Luke 7:30-33; Thursday of Week 24 in Ordinary Time
Here she was, the public sinner, the prostitute, the harlot who worked nights because only darkness was her friend. But here she came, this time in broad daylight, barging into a very civilized home at a very civilized time when civilized people gathered for a meal. There was no lurking this time. No, she was larger than life without her meaning to be, and crying her eyes out. And she finally slumped to the ground towards Jesus’ feet for all the world to see. Here she was, “out of the closet”, with absolutely nothing to hide. Oh, the lengths the Pharisee would have to go through to purify his house now duly contaminated by this, this dreg of humanity the devil dragged in! For nothing revolted religious men more than a dirty woman invading the men’s club, who, with emotional theatrics, spilled her bodily liquids onto a stranger’s feet! Was this what she did behind closed doors? Disgusting!
But you and I know today that holiness had very little to do with the scoff and scorn of the men. It was fear. Then and now, nothing scares the dickens out of self-righteous men more than a woman exposing the ugly truths about herself. No self-respecting macho man would admit to that fear, though. So, the men feigned revulsion. To avoid being impure, many of them might have bolted for the door, especially her clients amongst them. The prostitute crying in broad daylight made men want to scurry away to the nearest, darkest crevice. They knew her as much as they knew themselves. But short of that, they feigned revulsion. “If this man were a prophet, he would know who and what sort of woman this is who is touching him, that she is a sinner.”
Nothing unsettled Jesus more than men waxing self-righteous against repentant sinners like this prostitute. Even before the advent of systematic psychology, Jesus of Nazareth knew that when men protested immorality too loudly, they were likely masquerading their own depravities. On that day when the village harlot came and openly cried her need for forgiveness, she tore the men’s robes open and exposed them…without even meaning to.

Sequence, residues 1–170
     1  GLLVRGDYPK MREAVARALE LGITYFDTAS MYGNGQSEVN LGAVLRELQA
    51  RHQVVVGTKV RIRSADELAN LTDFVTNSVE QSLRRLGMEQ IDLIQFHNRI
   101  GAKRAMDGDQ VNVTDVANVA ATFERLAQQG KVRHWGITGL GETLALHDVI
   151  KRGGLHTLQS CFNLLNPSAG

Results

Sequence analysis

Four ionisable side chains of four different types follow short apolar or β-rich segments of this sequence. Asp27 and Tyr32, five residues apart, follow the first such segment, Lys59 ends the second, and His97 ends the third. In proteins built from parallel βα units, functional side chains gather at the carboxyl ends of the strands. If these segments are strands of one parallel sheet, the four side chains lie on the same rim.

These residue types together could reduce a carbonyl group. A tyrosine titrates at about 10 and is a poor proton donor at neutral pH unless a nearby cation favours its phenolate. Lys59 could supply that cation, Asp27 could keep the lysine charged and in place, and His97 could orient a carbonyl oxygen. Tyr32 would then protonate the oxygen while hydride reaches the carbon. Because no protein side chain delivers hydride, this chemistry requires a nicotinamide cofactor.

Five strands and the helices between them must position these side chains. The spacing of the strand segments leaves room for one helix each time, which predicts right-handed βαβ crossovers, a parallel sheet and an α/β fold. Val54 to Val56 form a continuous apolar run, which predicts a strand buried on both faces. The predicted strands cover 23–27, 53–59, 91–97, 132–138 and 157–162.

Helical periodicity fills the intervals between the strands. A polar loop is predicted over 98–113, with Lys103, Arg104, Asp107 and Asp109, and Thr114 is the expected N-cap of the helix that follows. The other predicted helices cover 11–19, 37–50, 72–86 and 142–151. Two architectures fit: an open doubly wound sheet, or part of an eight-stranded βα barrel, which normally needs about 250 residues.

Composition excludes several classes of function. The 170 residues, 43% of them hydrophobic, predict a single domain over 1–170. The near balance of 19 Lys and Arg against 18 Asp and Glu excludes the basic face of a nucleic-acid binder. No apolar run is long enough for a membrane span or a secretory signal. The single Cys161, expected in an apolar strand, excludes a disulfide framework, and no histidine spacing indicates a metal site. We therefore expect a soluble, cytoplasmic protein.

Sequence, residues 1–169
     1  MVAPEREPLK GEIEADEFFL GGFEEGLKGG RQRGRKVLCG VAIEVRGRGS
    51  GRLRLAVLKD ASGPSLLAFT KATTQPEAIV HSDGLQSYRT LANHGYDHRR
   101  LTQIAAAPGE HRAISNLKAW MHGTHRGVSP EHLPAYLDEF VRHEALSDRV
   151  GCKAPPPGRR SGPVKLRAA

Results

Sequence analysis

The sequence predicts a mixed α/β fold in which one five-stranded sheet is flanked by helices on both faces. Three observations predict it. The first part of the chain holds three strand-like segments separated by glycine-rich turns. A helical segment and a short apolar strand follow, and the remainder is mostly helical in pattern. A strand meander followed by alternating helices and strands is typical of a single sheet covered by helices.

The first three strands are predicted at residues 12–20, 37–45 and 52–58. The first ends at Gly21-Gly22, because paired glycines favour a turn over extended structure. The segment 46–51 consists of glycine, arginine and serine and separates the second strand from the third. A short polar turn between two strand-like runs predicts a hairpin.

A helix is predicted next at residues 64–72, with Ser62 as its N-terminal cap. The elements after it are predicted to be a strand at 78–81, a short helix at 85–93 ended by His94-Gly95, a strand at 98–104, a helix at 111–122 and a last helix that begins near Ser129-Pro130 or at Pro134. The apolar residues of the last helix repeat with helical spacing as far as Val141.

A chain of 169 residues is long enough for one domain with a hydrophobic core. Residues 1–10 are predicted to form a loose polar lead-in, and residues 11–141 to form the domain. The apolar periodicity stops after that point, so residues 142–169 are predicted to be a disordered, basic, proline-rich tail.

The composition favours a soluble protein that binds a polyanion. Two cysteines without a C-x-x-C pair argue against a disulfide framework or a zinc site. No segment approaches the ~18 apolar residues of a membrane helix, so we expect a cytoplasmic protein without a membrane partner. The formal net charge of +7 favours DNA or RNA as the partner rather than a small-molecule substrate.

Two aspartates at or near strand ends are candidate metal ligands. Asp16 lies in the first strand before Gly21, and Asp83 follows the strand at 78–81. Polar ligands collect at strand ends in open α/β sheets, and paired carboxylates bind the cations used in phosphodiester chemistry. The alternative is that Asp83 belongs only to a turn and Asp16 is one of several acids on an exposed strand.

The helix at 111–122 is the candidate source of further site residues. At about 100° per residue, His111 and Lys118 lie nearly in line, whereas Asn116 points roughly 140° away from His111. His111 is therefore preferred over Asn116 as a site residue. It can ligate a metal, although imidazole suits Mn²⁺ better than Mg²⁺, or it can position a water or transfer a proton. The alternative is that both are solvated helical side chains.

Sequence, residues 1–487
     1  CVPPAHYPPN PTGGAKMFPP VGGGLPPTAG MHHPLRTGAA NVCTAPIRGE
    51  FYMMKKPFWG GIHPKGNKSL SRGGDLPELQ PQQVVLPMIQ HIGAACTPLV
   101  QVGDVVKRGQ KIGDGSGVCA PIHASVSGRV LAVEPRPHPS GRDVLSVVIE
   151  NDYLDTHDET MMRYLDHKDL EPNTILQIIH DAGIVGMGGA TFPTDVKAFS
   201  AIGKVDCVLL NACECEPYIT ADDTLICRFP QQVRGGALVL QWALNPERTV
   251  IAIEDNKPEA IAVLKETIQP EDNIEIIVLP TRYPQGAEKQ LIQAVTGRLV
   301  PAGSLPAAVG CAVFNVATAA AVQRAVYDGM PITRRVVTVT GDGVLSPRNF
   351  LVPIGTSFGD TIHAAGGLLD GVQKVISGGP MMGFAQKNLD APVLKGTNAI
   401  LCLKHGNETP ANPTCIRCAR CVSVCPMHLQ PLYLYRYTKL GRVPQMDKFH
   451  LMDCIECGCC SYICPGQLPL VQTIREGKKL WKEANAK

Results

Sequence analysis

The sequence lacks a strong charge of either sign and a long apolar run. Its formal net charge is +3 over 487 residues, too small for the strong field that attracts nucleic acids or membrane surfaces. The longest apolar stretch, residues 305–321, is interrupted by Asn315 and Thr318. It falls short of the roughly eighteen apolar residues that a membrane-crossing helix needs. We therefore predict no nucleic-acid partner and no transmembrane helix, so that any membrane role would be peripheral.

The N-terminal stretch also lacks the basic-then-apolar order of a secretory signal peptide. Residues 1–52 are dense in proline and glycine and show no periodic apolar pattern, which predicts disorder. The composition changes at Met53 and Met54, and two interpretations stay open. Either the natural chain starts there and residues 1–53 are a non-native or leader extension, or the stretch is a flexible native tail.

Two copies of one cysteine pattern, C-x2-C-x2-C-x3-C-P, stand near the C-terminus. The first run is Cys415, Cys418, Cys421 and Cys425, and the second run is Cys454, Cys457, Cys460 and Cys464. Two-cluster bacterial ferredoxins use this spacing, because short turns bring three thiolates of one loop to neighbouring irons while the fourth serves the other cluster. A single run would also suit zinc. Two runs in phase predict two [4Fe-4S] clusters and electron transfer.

You know, sisters and brothers, that was around 2,000 years ago. Thank God, the way we look at sin and impurity and immorality today has grown by leaps and bounds from then. But we still have a long, long way to go, though, in how we think of sin and sinners, in what we think is sinful, and most of all, in how we regard sinners who repent. For the most part, we still gravitate to the sin, the sin, the sin, even in the presence of clear remorse and tearful repentance. It has happened to me, to people I know, to both priests and politicians, popes and presidents, madres and Mother Butlers, matrons and manangs, that when we harbor unresolved guilt over our own sins of defilement and lust and covetousness—which may not take the form of sex, by the way—we often mask that guilt with vociferous self-righteousness, lest we’re exposed. But people who continue to painfully accept their deepest, darkest depravities, and continue to struggle against them—sometimes winning, sometimes losing—they’re the ones who often have an easier time “compassioning” with repentant sinners. They’re the ones who’re often more Christ-like.
I don’t know if people in that house still had the appetite to finish their meal after Jesus said, “So I tell you, her sins have been forgiven, that’s why she has shown great love!” Because that was really another way of saying, “You, self-righteous men, you judge as though you’ve never sinned at all! That’s why you’ve never felt what it means to be forgiven, which is why you’ve never known what it means to love and be loved. And where there is no love, there is no God.”